paper cuts


When you first met me, you said you liked my
feathery words and pillowy thoughts, the way
I maneuvered through days lightly, gently, careful
not to take too much, and I saw how this softness
fit into your world of loud music late at night and
laughter that lasts until morning and the heaviest
of footsteps, the heaviest of strokes, shading
outlines black until you bore holes through
the page, the way a sharp ray of sunlight pierces
through paper when you hold a magnifying glass
over it long enough. But now you have pointed
that magnifying glass at our story, and the plot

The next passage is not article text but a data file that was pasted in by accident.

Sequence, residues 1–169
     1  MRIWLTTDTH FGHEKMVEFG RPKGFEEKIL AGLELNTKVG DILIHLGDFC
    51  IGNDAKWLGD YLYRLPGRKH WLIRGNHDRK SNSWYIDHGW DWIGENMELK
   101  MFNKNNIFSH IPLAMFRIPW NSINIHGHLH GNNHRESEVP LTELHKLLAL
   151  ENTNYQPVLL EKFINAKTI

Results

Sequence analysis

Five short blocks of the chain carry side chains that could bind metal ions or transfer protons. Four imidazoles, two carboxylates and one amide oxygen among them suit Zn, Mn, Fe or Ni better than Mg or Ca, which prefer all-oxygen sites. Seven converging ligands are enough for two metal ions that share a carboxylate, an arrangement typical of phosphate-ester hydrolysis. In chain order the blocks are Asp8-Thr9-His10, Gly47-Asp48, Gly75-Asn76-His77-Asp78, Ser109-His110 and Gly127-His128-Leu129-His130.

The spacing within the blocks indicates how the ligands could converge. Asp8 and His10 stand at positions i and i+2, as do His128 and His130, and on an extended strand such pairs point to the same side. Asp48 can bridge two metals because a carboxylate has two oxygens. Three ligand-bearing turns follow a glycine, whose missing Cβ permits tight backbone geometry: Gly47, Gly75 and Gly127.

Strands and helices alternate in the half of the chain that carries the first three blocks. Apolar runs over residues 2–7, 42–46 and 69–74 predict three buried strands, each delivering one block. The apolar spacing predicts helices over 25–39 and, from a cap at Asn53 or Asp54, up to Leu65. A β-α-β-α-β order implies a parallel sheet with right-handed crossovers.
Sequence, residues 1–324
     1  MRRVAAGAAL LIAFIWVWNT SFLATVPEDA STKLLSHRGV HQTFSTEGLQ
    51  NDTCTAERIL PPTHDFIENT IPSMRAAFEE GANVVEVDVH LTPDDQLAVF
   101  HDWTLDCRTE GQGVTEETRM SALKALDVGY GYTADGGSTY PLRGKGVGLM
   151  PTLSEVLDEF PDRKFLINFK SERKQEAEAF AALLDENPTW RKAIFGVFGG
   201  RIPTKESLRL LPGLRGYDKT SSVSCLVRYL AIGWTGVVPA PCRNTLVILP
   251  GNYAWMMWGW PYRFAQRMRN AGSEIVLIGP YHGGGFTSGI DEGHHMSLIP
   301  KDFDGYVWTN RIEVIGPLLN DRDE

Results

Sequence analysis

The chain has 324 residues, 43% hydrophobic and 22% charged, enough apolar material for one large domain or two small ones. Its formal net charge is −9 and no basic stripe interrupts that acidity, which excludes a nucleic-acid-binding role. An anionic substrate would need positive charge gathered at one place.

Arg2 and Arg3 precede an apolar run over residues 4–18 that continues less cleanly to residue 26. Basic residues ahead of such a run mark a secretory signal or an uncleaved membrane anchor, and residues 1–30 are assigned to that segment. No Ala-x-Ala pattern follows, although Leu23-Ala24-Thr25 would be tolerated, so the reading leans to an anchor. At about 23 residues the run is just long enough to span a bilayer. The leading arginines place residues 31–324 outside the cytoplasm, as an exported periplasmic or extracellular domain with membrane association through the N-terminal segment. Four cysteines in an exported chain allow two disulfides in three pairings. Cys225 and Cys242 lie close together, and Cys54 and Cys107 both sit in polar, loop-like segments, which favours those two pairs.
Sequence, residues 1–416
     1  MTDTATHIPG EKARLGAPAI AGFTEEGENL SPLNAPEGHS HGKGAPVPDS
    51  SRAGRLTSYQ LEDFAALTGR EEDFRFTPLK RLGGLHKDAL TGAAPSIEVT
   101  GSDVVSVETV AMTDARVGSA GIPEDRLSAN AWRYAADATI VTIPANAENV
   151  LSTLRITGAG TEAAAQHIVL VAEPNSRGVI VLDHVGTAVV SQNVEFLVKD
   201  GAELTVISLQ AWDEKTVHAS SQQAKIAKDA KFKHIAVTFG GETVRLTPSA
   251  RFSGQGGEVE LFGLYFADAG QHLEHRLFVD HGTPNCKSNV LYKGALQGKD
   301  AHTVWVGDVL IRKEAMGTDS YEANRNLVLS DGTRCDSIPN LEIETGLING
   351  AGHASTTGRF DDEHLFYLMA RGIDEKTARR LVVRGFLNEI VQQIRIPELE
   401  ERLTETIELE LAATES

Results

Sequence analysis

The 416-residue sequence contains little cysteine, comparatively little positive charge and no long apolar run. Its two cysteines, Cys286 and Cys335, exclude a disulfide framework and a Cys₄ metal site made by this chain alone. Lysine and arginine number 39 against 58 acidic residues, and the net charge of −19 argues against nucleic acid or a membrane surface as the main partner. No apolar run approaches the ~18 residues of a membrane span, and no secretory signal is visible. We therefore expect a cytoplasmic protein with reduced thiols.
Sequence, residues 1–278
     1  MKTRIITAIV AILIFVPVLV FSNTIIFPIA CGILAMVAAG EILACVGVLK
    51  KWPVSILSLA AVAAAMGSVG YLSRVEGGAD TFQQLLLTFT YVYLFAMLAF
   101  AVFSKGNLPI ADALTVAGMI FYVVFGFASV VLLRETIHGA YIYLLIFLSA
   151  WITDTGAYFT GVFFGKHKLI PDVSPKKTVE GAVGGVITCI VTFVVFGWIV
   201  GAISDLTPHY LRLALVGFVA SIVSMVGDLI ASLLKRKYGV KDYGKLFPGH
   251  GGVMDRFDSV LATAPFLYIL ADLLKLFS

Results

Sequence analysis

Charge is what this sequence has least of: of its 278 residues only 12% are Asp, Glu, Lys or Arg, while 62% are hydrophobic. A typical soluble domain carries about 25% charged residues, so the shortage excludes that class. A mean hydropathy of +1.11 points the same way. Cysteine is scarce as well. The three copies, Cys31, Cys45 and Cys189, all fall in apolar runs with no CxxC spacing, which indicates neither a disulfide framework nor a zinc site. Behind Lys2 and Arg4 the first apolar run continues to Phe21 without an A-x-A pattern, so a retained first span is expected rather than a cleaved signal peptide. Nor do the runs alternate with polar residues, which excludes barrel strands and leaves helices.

is full of holes. Character inconsistencies. Cuts
that shouldn’t have been allowed but were, or
should have but weren’t. Some days you roll up
your sleeve, show me your bruises, say they came
from me, hinting at the pebbles I keep in my
pocket and the taste of metal brewing under
my skin. And some days you want me to harden
my cotton-spun heart, toughen it up against
knives, claws, teeth, nails, sharp rays of sunlight,
anything that can tear it apart, and you want me
to stop acting like everything is such a big
fucking deal when it isn’t—not to you. But it is
to me. So I build a shell around my softest parts,
seal it with a clear coat of resolve. Drop one more
pebble into my pocket every night before I go
to bed, leave my corners untucked. Hide all the
pages. Make sure you can no longer close in on
my softness and use it as a weapon against me.